Critical Minerals and Emerging Technologies

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					                                                                      RODERICK G. EGGERT




Critical Minerals and
Emerging Technologies
                                               The federal government can help ensure
                                               that the nation has sufficient and reliable supplies
                                               of critical materials used increasingly in
                                               industry and defense.




T
                      he periodic table is under siege. Or at least   constrain expansion. Even the U.S. Government Account-
                      that is what one might imagine after hear-      ability Office weighed in, publishing the findings of its in-
                      ing some of the cries of alarm that have        vestigation on the availability of rare-earth elements for es-
                      begun echoing across the United States.         sential military applications and vulnerability to shortages.
                      We hear that the latest cell phones, elec-         One factor giving rise to concerns is that modern mineral-
                      tric vehicles, or critical weapons systems      based materials are becoming increasingly complex. Intel
                      might no longer be feasible because some        estimates that computer chips contained 11 mineral-derived
element that most people have never heard of is in short              elements in the 1980s, 15 elements in the 1990s, and poten-
supply or being hoarded by another country.                           tially up to 60 elements in the coming years. General Elec-
   Among the alarms issued in just the first few months of            tric estimates that it uses 70 of the first 83 elements in the pe-
2010, The New Yorker published an essay on lithium sup-               riodic table in its products. New technologies and engi-
plies (which may be essential for batteries in electric vehi-         neered materials create the prospect of rapid increases in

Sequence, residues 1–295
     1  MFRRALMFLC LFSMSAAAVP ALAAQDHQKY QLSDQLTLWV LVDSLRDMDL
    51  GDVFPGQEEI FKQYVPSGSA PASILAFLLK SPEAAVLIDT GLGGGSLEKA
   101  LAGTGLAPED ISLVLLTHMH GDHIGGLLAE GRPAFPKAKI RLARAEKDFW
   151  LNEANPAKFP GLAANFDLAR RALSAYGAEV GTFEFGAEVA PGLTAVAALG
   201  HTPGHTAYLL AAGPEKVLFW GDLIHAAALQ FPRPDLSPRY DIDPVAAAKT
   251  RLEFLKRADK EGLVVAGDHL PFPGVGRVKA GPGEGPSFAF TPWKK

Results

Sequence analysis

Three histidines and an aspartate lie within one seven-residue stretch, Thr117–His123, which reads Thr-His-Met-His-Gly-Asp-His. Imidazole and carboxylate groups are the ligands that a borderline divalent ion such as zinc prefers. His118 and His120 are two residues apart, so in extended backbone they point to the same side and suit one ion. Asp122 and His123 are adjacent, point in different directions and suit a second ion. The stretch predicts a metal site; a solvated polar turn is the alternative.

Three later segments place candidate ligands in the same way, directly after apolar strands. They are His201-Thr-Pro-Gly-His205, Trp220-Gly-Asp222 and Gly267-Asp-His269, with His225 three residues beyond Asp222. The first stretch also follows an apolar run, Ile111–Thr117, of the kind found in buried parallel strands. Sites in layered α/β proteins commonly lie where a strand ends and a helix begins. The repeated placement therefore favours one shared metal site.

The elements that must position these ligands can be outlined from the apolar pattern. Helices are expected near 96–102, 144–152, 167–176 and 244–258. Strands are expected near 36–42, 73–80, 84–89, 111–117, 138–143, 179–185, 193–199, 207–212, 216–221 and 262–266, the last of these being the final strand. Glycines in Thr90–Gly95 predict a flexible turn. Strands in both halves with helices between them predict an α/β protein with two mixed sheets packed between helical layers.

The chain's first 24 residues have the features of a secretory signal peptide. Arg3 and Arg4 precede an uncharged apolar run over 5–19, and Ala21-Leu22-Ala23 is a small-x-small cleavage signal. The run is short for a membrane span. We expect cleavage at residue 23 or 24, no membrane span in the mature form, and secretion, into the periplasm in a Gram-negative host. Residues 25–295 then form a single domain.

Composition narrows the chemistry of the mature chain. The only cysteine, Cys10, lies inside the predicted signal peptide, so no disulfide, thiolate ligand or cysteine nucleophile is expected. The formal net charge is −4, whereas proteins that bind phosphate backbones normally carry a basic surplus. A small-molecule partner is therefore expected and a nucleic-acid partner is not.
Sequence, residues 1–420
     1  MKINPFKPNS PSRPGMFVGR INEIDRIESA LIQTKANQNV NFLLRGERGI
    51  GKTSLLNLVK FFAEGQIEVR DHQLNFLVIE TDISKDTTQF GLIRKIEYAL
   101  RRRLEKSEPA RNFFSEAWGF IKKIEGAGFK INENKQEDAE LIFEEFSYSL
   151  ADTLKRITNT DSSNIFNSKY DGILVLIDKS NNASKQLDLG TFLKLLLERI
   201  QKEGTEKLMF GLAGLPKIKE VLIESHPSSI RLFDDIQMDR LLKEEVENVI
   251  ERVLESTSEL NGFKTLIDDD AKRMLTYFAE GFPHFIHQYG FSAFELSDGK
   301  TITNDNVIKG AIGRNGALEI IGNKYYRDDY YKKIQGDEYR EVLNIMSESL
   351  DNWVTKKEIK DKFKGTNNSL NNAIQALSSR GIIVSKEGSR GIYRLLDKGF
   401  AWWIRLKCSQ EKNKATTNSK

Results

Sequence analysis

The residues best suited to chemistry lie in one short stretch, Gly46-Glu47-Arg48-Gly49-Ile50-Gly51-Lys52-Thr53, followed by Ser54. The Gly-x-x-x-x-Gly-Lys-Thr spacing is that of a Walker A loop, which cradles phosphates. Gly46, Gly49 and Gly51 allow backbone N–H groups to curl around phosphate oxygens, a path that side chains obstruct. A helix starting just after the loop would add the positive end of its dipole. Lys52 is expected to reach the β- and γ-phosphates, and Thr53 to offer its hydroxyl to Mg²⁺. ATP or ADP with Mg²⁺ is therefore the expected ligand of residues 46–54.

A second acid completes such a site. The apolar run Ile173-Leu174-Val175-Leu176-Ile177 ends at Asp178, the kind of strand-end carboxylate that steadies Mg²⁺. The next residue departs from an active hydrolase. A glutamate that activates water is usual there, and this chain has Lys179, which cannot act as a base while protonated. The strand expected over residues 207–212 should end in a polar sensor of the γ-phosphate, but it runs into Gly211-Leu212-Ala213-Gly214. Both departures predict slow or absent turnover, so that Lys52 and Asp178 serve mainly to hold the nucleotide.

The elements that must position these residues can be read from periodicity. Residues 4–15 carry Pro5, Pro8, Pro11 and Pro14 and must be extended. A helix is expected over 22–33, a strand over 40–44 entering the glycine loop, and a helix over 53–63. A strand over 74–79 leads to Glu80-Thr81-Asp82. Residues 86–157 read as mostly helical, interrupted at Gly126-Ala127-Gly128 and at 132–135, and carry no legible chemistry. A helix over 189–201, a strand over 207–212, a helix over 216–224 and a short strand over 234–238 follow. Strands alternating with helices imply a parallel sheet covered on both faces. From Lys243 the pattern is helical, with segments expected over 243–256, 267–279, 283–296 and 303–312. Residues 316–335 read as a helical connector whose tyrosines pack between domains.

cles) and the potentially critical role of Bolivia as a supplier      demand for some minerals previously used in relatively
in the future. The Atlantic published an article on China’s           small quantities. On the list are such elements as lithium in
activities in Africa to secure—even “lock up”—primary com-            automotive batteries for electric vehicles; rare-earth ele-
modities needed by its growing manufacturing sector. Sci-             ments in compact-fluorescent light bulbs and in permanent
ence published a special section in one issue describing new          magnets for wind turbines; and cadmium, indium, and tel-
materials for electronics, and the report included commen-            lurium in photovoltaic solar cells.
tary on possible scarcities of essential elements that could             On the supply side, meanwhile, some mineral markets



                                                                                                                    SUMMER 2010      49
The U.S. government should fight policies of
exporting nations that restrict raw-material
exports to the detriment of U.S. users of these
raw materials.


are becoming increasingly fragile. The United States has be-     they are motivated, in part, by high commodity prices. It is
come significantly more reliant on foreign sources for many      no coincidence that past periods of concern coincided with
minerals. Some exporting nations, most notably China, have       periods of booming commodity prices. Such periods have
imposed export restrictions on primary raw materials to          included the early 1950s during postwar reconstruction and
encourage dome
				
DOCUMENT INFO
Description: Since just before World War II, the DoD has relied largely on the National Defense Stockpile to deal with threats to the supply of materials essential for national defense. In its recommendations, the report said that the Department of Defense should establish a new system for managing the supply of strategic materials, and the federal government should enhance its systems for gathering data and information on materials necessary for national defense. Since the NRC report was published, the DoD has begun to respond to and act on these recommendations.
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